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  • #52967
    Avatarchesswood
    Flatchatter

    One of our units has a vinyl/floating/whatever floor contravening the by-law requiring the owner to have the floor covered or treated to prevent noise nuisance. The unit below is tenanted. Our committee resolved to apply for NSWCAT mediation which is necessary before starting a tribunal case.

    At the mediation hearing, the floor’s owner insisted that the legally-proper procedure is for the afflicted downstairs resident to apply for mediation. Why is that? Doesn’t the OC have an interest in seeing that by-laws are enforced.

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  • #52971
    Jimmy-TJimmy-T
    Keymaster

    One of our units has a vinyl/floating/whatever floor contravening the by-law requiring the owner to have the floor covered or treated to prevent noise nuisance …  At the mediation hearing, the floor’s owner insisted that the legally-proper procedure is for the afflicted downstairs resident to apply for mediation. Why is that? Doesn’t the OC have an interest in seeing that by-laws are enforced.

    The problem here may be that your strata committee may have taken the wrong route on this. If a by-law has been breached, you issue a Notice to Comply.

    If the resident or lot owners doesn’t comply with the Notice To Comply, you take them straight to NCAT – no need to go to mediation – and ask for fines and ultimately orders.

    The committee has therefore added an unnecessary step.

    But, to answer your question, the offending owner is clutching at straws.  If they have breached a by-law then it has nothing to do with the tenant downstairs (although they could be called to give evidence for either side).

    Interestingly, the recent Court of Appeals ruling on pets implies that anyone can do anything they want in their homes provided it doesn’t trouble anyone else in the block, and therefore you can’t have pre-emptive by-laws to stop them.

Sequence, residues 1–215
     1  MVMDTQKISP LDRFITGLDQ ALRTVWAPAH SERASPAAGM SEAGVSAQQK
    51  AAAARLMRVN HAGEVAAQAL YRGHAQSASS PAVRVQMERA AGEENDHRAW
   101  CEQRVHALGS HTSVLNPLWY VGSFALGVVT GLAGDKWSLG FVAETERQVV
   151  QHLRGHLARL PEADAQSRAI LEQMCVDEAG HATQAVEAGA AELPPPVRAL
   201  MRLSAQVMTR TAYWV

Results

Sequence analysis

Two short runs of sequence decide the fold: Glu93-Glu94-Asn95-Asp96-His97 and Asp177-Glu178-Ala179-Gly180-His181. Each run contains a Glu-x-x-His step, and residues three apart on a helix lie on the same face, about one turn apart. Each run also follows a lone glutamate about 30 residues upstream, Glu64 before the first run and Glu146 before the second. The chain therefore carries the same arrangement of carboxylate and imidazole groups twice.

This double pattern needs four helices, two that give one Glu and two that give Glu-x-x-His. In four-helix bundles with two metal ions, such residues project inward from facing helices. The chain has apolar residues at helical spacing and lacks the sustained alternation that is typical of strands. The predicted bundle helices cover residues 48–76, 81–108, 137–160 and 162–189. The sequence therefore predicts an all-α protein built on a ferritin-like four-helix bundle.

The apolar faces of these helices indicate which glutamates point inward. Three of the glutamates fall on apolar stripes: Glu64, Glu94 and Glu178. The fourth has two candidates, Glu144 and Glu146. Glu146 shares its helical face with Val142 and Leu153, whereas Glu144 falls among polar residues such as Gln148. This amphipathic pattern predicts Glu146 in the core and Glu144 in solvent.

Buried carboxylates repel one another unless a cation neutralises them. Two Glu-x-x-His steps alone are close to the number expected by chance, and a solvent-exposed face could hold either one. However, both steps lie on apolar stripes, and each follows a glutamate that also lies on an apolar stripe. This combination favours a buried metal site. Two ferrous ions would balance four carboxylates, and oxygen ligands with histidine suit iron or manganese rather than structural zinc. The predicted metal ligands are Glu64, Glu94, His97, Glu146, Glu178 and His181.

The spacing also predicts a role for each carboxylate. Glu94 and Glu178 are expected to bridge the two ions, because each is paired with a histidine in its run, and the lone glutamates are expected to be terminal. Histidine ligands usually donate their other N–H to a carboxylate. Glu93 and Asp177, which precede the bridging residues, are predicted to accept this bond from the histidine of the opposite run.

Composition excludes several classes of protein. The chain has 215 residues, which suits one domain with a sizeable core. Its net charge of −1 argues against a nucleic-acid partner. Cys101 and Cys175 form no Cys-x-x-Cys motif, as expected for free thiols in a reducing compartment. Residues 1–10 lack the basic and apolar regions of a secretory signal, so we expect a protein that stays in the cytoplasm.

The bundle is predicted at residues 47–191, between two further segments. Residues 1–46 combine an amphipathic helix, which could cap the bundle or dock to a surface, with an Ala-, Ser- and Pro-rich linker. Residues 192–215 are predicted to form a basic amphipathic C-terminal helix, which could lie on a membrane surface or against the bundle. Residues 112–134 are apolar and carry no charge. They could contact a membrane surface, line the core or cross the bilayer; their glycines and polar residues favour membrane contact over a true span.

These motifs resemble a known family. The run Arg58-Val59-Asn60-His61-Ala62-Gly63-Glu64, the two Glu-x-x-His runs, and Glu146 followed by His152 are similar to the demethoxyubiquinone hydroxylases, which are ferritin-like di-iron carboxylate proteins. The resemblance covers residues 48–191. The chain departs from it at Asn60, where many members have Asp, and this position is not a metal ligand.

By-laws that establish minimum standards for flooring have been cited by some strata law experts as examples of situations where a problem needs to be established before action can be taken.  Pre-emptive by-laws  that set out to prevent a problem with a catch-all rule could therefore be seen to be harsh, unconscionable or discriminatory.

    The correct procedure would then be to take a complaint against the owner with the noisy floor.  The solution for strata schemes could be to establish parameters under which noise is less likely to be intrusive and breaches of which they will resolve to pursue on behalf of owners if they are breached.

    That way, you are telling owners they can lay any flooring they like but if noise transmission exceeds a certain level, the owners corp and not justtheir individual neighbours will take action against them at NCAT.

    The niss ue then becomes what is a reasonable level of noise transmission and it’s certainly not the Australian Building Standards acoustic level of 48 (62 Decibels) which is a fraction better than 6mm cork on concrete.  Why? Becauae for too long property developers have been able to manipulate standards in the Australian building industry to suit their bottom line rather than our right to peace and quiet.

    Anyway, the person with the inadequate flooring might have a case, only not for the reasons they have stated. Let’s hope they don’t read Flat Chat.

     

     

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